To cure someone of persistent or intermittent fever, this charm was recited:The presence of Maria, known as the Madonna, probably is an indication of a substitution for one of the Pagan Goddesses, possibly Diana, but it could have been any of them. It is interesting that Claudio Simeoni believed the charm could be successfully recited by either a seventh month child or the seventh son of a seventh son. C. J. S. Thompson, Magic and Healing 1989, wrote: "in Yorkshire and some parts of Wales, the seventh son of a seventh son was a born physician, having an intuitive knowledge of healing all disorders." (p. 163)
"Settimu di Maria, fammi passari lu friddu a mia!"
According to my information this charm was ideally recited by someone who was born prematurely, specifically a "seven months child."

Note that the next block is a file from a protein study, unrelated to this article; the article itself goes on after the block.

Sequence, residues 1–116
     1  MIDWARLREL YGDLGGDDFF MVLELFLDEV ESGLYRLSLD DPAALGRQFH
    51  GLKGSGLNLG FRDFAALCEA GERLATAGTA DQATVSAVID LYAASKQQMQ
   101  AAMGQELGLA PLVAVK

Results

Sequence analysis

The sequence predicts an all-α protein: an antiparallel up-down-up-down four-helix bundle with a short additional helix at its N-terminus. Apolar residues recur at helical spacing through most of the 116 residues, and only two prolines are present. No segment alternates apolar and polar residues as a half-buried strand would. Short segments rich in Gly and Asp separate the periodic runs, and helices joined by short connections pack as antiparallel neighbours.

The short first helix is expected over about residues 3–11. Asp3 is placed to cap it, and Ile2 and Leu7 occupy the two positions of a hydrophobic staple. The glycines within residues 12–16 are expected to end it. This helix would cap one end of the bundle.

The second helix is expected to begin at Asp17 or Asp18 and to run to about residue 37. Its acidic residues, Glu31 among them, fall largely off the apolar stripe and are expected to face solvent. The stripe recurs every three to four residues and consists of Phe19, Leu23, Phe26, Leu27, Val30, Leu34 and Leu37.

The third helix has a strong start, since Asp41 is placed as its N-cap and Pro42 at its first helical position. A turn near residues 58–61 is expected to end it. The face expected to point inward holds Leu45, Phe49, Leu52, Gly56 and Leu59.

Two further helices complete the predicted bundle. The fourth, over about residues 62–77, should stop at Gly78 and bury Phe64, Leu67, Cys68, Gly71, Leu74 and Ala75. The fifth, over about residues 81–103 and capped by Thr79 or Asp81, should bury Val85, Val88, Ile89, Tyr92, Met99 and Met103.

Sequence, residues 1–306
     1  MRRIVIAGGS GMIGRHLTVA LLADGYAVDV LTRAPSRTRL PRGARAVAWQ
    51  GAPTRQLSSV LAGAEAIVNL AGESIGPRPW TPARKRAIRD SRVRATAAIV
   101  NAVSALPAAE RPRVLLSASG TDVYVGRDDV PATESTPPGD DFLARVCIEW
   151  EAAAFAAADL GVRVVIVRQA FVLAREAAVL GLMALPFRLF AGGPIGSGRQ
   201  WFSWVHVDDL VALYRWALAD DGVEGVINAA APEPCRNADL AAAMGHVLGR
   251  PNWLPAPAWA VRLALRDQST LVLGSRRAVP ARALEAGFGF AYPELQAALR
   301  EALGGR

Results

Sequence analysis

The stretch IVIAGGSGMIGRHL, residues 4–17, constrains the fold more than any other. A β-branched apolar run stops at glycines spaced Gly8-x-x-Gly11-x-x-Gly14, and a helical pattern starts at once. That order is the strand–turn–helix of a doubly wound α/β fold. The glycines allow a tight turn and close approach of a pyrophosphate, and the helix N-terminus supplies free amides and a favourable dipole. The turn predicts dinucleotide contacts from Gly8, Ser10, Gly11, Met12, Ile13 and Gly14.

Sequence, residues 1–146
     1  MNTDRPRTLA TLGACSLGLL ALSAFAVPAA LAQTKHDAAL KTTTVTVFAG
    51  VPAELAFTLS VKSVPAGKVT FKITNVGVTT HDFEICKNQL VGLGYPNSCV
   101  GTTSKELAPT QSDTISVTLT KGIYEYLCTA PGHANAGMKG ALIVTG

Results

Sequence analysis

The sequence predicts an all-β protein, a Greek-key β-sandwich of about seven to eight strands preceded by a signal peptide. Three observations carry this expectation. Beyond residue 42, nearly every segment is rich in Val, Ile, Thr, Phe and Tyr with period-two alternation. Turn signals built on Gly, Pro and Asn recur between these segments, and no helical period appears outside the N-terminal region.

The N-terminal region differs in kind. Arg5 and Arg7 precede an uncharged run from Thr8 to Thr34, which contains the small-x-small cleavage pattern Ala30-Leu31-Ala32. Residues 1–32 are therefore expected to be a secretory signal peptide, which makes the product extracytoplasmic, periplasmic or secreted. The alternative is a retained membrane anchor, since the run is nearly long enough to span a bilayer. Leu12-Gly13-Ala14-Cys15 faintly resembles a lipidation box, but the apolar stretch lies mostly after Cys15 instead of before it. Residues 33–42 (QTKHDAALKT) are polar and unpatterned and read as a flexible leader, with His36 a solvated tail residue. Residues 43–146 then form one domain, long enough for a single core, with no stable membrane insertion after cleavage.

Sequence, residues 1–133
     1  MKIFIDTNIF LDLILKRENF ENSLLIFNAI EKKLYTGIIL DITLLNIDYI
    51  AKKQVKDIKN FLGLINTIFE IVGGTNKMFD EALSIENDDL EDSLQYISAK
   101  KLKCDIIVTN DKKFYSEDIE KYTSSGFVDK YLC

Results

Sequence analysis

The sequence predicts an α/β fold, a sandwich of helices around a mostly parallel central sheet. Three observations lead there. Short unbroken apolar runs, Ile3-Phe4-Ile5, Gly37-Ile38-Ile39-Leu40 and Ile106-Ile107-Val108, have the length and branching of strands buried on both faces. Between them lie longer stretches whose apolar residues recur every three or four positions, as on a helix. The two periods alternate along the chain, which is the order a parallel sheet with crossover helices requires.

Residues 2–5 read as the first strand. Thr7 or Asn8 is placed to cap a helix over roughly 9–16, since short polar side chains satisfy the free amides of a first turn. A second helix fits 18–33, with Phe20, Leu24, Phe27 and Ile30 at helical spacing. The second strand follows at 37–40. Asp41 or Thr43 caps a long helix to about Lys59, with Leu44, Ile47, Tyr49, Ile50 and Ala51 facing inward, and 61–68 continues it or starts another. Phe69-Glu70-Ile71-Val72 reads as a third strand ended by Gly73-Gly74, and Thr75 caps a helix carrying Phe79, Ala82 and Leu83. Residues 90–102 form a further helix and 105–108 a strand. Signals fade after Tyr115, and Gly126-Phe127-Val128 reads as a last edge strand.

As I do not read Italian, I contacted a practioner of Stregheria in Italy, Claudio Simeoni.The spell is a Sicilian one and it sound probably (I'm Venetian, not Sicilian, so I'm not 100% sure): "Seventh of Mary, make the fever pass away (to me)!"
The Seventh is probably the person who recited the charm, a seven months child or the seventh son whose father was a seventh son, too. Mary is of course the mother of christ, and was often invoked for every kind of healing and graces.
In Sicilian vernacular:
fammi passari= make ...pass away
lu friddu=the fever (I think)
a mia=to me
(here are some webpages in English about my path of witchcraft) it.geocities.com/collegiodeisalii/inglese
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